The black and white image was in some ways photography’s defining feature – that was where its power lay and colour diminished its artifice: paradoxically, monochrome – because it was so evidently unnatural – was what made a photograph work best.

After so many months spent in the company of early photographs, I’ll drink to that.

Ironically, the paperback edition I read had a much more colourful (and to me less suitable) cover, but don’t let that put you off if you fancy a photographic adventure.

Jane Davis introduces Women Writing Women (don’t miss a bargain!)

I Stopped TimeI first came across Jane Davis when someone in the local Historical Novel Society tipped me off about her I Stopped Time, a fascinating account of life and photography in Brighton in the late 19th and early 20th centuries, but Jane is also a contemporary novelist. Her first novel, Half-truths and White Lies, won the Daily Mail First Novel Award and afterwards she was featured her in the Bookseller’s ‘One to Watch’ section. She has since published five further novels.  I’ve recently read  An Unchoreographed Life (reviewed here) which I acquired as part of a Kindle ‘box set’ which Jane and six other members of the Alliance of Independent Authors collaborated to produce. The result is Outside the Box: Women Writing Women, seven novels (details below) under one wrapper, all for £7.99. In fact the set is a limited offer, available only until May 23rd and so I’ve asked Jane along to talk about the project before the deal runs out.



Why was taking part in this project so important to you and what were the ideas behind it?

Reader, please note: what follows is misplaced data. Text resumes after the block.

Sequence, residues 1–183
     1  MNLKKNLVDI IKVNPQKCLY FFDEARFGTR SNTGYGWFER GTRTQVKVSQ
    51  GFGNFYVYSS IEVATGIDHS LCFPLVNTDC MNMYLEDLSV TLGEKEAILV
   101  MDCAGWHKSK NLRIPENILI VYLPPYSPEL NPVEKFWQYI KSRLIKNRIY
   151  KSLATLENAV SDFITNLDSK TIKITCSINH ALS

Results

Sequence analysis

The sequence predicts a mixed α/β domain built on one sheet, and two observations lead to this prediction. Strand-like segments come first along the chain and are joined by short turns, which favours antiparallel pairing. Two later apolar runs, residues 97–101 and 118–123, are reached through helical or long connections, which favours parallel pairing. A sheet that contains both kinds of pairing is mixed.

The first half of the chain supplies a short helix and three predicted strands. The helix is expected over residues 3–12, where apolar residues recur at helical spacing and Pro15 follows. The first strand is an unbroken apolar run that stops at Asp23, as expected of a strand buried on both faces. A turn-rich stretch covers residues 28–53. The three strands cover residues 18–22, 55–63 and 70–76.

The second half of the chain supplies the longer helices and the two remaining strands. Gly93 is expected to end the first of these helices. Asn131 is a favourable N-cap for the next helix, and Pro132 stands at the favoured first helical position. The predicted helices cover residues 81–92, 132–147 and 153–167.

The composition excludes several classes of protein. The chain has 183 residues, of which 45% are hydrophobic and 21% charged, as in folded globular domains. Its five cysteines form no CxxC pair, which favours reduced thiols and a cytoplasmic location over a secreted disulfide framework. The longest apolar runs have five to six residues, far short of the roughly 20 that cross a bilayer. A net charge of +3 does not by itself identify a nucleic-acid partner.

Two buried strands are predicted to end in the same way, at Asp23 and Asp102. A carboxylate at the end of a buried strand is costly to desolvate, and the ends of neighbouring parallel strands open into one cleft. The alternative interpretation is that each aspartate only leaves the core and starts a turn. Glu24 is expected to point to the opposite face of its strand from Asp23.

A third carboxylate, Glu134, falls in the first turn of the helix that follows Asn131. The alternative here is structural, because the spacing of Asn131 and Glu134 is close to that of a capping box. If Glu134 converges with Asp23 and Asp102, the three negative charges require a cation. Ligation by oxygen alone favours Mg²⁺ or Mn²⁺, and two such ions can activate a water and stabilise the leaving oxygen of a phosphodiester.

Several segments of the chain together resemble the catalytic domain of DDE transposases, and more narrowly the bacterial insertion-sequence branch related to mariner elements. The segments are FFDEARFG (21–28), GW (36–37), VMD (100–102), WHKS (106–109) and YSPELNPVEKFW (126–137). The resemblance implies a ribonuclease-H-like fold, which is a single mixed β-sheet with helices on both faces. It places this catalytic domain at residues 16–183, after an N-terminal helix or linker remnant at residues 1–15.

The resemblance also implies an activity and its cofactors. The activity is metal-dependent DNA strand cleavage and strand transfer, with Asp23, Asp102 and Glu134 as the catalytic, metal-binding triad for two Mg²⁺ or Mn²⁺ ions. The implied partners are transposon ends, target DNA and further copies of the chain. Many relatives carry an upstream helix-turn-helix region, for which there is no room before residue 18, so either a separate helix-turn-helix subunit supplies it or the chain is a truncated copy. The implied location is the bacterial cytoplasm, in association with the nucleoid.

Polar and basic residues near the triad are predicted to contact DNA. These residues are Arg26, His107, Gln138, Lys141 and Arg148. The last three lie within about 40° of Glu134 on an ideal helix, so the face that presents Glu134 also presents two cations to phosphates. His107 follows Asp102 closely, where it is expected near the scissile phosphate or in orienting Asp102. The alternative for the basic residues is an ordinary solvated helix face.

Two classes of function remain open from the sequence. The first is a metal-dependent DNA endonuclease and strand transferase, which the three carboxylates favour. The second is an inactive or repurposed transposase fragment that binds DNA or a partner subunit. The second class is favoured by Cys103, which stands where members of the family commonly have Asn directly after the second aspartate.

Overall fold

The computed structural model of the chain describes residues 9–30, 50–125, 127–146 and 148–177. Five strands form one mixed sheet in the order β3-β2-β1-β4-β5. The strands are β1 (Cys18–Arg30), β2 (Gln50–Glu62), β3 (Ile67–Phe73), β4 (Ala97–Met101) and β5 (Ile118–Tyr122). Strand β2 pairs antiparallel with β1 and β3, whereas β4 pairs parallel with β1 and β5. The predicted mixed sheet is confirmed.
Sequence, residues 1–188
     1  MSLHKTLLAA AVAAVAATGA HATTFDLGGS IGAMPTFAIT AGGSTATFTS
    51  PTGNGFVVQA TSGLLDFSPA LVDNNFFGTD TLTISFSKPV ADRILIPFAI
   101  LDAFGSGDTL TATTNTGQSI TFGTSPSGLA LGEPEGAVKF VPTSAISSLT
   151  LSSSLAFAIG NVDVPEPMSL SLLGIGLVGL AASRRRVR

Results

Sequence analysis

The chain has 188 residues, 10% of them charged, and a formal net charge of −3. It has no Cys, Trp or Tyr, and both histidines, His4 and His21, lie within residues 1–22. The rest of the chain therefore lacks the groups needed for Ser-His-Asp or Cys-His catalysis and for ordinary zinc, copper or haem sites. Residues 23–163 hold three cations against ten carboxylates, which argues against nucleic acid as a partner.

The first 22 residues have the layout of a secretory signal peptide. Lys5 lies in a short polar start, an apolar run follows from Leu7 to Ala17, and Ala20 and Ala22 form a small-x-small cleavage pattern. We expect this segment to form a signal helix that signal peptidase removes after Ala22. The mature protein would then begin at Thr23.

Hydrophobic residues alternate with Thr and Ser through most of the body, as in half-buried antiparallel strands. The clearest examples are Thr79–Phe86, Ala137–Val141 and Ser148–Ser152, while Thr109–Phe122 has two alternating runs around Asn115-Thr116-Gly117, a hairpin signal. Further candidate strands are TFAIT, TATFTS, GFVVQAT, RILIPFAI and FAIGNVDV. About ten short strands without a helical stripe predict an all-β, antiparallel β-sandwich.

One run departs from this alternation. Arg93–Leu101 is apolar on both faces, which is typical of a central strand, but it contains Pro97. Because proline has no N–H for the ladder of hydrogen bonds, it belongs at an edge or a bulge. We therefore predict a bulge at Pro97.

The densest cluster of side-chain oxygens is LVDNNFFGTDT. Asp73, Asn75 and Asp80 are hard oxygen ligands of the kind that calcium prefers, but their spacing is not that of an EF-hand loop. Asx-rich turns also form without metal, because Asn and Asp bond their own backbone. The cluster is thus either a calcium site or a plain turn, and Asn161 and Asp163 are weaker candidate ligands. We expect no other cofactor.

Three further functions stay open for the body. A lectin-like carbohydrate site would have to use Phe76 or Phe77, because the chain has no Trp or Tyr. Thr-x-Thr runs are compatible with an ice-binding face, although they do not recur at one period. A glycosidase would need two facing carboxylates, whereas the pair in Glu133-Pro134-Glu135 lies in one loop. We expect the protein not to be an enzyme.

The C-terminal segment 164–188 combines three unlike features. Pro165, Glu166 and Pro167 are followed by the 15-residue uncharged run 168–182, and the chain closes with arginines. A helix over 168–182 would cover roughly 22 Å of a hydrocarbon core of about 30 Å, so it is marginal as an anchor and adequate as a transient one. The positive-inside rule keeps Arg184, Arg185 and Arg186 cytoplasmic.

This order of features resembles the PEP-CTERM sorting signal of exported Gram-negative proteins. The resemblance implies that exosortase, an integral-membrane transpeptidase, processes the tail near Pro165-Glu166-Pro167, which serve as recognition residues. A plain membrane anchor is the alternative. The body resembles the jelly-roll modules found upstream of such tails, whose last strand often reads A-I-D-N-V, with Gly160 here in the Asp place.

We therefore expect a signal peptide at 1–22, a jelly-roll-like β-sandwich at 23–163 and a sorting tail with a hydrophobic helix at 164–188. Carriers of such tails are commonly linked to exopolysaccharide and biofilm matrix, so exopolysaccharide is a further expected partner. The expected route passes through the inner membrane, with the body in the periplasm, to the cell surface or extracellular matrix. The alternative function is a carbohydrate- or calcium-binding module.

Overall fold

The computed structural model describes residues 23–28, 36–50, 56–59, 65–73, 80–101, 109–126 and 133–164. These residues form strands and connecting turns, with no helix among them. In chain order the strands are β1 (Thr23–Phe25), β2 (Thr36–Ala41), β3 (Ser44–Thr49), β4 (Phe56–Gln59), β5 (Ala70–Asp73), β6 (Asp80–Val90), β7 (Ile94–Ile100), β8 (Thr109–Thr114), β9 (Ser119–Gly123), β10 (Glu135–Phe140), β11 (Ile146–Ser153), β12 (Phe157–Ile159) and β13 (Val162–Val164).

The challenge for indies is connecting book and reader. That’s why collections like Outside the Box: Women Writing Women work so well. We know that readers are struggling to find their next read, one that will entertain, challenge and inspire them. Choice can be overwhelming and so it’s easier to stick to the authors we already know. I’m the same!  So, yes, we asked readers to trust us, but we also offered them a great deal: seven novels for the price of two. Added to this – as if further encouragement were needed – we tried to make it fun. Joni Rodger’s daughter (Jerusha Rodgers of Rabid Badger Editing) created a fabulous digital swag bag that includes a critically acclaimed novel by Joni, a free music album download by Jessica Bell and a heap of other fun and artsy surprises. Anyone who sends us proof of purchase gets entered in a draw to win one of them. (Oh, I didn’t know about this!  Ed)

How did you decide who to collaborate with?
Obviously, it was important to find others who shared the same values and aims, but we were fans of each others’ fiction before we came together as a team. A review described Roz Morris’s My Memories of a Future Life as a ‘strange and stubborn’ novel. Immediately, I wanted that book, and I lapped it up! We also felt it was important that no two books should be too alike, but they needed to have enough in common to appeal to the same target market. Our decision was to focus on our characters and the boundary-breaking nature of our fiction.

The fact that you’re an all female group is difficult to ignore.